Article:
Saturday, November 04, 2006

Initial Thoughts


This is for anybody and nobody and is my first attempt to publish blogs. The focus will obviously be on issues of mental and emotional health. Yes, I do have an idea of what I am talking about. Much of it will involve the speciality that I work in--psychological trauma, much of which is manifested in posttraumatic stress disorder or like symptoms. As an initial blog I'll explain, to no one, that trauma is any event or situation that someone is a victim or witness of that causes a sense of hopelessness, helplessness, fear, and vulnerability. It can be physical or emotional in nature; and you don't even have to be the actual victim. You can be watching it, such as children witnessing domestic violence. Although I will not go into the full Diagnostic and Statistical Manual definition of PTSD, I will state that it can have long-term emotional, mental, relational, and behavioral effects. It can, at times, appear to be depression, anxiety, sleep, addiction, or behavioral disorders (among a few). If the trauma occurs many times and continues over several years (depending on the age and development of the individual) it can also result in dissociative symptoms; even to the point of dissociative identity disorder (formerly known as multiple personality disorders). Now, trauma-related disorders can be treated and there are many different modalities that are effective and beneficial. Every professional therapist or counselor will have their favorites. The important part is that it be done in a safe environment where the client will not be retraumatized during the treatment. It is possible to be retraumatized by focusing on the frightening images, feelings, or sensations that the person experienced during the actual event(s). Thus, if you know a person who purposely avoids talking about something traumatic, there is a strong reason for it. Safety, therefore, is the first step in the treatment. The second is trauma resolution--in other words, decreasing the emotional upheaval that is associated with the event/incident. Finally, once that is achieved the individual would benefit from reconnection to their family, friends, and society as trauma can result in personal isolation. So as not to continue babbling I will end this introduction now. Further blogs will include my thoughts and other professional's thoughts on therapeutic approaches with trauma as their targeted population--and some.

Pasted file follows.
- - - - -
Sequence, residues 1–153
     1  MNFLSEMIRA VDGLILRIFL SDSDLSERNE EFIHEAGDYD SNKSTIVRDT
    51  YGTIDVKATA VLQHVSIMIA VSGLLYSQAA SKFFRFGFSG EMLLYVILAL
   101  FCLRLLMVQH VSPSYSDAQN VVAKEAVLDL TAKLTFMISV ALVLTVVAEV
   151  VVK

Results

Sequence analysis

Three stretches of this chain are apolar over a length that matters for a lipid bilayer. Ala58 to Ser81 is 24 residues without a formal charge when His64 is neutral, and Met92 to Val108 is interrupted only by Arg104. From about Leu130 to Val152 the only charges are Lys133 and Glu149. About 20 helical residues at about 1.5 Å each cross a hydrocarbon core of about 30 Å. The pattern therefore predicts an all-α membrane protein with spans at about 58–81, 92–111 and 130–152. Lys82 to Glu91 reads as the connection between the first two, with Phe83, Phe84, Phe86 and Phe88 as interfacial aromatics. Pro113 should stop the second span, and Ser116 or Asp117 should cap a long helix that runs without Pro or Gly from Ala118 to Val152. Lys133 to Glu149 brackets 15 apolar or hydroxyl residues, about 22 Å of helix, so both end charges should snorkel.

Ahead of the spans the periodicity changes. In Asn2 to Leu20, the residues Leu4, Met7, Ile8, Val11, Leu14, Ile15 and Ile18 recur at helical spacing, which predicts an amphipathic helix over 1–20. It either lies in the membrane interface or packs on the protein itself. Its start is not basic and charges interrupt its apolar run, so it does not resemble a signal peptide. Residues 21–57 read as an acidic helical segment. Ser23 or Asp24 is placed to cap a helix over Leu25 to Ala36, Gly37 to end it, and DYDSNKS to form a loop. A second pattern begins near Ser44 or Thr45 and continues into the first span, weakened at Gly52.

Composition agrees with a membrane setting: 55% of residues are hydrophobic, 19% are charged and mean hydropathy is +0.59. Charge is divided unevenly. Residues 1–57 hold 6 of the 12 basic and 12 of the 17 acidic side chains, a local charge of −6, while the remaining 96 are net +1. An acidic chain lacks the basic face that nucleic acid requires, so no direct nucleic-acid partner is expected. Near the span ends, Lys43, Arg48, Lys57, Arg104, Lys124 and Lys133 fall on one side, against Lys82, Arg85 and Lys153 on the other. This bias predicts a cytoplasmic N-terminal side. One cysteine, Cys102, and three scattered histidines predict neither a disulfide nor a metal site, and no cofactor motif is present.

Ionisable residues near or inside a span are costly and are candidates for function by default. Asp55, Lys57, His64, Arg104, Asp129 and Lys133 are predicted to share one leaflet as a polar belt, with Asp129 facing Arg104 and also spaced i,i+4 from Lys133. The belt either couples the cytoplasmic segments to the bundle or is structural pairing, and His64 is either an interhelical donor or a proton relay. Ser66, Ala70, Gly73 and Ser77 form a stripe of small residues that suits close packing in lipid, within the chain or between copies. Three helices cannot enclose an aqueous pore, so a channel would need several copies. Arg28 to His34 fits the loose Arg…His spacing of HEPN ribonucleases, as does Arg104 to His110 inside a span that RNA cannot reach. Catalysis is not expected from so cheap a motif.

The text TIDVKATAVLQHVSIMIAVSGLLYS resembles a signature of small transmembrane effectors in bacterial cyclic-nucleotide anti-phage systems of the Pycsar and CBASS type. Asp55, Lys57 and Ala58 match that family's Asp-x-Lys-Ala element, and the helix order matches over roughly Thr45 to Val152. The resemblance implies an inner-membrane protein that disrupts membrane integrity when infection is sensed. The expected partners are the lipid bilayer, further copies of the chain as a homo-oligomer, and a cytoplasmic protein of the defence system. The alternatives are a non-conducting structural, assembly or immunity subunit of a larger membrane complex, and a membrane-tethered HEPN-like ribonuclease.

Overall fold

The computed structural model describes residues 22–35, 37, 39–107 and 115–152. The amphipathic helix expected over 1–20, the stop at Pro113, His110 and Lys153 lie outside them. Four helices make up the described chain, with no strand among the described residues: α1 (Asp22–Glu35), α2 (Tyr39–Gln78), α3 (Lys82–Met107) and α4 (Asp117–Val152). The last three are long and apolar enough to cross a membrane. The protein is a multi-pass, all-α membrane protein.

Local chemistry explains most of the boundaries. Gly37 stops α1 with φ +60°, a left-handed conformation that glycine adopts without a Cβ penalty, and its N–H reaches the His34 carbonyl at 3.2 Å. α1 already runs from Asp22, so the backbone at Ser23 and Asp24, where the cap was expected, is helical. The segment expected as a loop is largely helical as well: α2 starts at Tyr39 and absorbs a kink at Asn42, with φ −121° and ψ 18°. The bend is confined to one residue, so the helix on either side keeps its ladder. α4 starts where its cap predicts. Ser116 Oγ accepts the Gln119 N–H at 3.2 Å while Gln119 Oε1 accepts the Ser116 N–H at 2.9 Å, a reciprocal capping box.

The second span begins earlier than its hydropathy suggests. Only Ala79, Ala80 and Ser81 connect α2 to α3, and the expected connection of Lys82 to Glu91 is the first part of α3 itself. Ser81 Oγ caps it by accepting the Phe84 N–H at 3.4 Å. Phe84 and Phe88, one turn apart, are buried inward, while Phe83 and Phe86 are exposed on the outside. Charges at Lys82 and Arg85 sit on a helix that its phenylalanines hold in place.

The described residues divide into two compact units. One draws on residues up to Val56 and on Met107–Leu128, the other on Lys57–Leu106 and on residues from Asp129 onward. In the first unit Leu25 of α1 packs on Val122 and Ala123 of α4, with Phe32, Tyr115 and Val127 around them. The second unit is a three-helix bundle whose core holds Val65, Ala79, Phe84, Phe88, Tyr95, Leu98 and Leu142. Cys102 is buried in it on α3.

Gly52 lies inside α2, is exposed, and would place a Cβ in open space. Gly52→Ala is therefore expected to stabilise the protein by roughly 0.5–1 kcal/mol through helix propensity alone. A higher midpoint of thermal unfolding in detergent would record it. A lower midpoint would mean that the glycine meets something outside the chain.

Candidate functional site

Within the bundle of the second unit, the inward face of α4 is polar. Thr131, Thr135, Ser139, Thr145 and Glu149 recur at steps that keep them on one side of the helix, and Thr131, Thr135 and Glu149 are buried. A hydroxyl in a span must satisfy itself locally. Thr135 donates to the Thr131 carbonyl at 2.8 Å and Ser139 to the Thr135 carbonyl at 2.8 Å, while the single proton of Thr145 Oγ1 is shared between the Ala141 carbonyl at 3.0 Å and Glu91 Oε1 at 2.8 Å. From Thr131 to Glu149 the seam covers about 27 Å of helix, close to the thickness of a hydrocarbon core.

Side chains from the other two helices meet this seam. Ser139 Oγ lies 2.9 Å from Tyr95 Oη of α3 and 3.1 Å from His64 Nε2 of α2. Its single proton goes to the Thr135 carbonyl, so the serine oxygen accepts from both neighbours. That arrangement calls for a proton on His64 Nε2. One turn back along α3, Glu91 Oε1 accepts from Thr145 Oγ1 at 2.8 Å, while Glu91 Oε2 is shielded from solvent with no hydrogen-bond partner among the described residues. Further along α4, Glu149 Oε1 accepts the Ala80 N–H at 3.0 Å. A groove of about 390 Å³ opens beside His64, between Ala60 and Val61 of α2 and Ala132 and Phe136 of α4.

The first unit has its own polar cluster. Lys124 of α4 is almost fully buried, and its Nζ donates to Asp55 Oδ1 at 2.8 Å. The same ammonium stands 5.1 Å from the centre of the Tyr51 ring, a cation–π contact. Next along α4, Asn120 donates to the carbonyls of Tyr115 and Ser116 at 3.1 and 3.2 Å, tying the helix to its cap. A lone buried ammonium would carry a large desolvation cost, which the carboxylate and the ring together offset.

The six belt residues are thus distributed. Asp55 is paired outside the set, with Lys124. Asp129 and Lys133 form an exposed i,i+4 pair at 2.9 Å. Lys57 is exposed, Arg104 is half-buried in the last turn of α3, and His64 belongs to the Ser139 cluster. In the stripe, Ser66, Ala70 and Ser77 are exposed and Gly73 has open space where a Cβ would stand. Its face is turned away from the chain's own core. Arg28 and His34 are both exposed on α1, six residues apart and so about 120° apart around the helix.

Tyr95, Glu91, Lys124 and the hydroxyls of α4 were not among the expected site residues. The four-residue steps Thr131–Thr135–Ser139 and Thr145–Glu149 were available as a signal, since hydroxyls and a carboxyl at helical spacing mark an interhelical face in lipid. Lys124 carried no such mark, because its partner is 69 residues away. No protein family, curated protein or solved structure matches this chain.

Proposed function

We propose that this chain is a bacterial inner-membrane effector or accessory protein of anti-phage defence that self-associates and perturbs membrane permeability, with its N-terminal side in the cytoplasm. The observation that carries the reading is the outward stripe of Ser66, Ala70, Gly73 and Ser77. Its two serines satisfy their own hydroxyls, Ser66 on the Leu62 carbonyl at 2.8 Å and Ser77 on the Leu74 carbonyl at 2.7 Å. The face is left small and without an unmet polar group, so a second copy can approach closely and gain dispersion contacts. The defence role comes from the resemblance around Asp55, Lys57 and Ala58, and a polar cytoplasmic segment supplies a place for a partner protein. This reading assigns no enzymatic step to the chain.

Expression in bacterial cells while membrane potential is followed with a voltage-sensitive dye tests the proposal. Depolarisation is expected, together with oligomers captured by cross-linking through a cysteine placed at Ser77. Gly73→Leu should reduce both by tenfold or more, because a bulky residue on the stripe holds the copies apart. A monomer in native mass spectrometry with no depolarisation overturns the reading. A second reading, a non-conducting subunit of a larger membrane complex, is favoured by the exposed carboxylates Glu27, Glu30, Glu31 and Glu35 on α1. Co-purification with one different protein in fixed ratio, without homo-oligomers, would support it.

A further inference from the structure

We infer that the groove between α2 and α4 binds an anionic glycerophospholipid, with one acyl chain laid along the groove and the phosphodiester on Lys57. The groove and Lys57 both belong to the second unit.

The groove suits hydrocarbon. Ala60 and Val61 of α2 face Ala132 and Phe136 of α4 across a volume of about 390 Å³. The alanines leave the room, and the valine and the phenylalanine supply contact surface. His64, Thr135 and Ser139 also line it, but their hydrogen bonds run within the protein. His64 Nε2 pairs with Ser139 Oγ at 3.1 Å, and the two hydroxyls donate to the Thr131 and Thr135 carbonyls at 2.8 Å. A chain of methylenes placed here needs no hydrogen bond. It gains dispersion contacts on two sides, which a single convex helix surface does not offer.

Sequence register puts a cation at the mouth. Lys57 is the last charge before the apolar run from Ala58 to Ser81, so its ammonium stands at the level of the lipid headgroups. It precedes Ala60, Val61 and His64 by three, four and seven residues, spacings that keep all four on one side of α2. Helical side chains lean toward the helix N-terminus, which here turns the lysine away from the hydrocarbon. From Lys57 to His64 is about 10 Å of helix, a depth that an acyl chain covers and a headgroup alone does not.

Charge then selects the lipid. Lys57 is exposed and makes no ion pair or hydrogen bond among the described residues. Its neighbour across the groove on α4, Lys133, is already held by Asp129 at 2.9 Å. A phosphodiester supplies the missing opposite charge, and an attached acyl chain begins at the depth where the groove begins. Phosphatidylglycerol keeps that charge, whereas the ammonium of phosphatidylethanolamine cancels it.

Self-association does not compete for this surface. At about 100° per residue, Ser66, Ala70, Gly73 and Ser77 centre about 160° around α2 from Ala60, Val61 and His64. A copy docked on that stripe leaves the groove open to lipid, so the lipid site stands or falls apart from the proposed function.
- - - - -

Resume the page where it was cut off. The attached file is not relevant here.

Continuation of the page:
1 comment:

Towanda said...

thanks for the definition of trauma. I think there is so much trauma in this world that we think it is a normal thing. I think that I spent a lot of time searching for physical causes of my many symptoms only to find out after about 30 years, that it is all trauma based.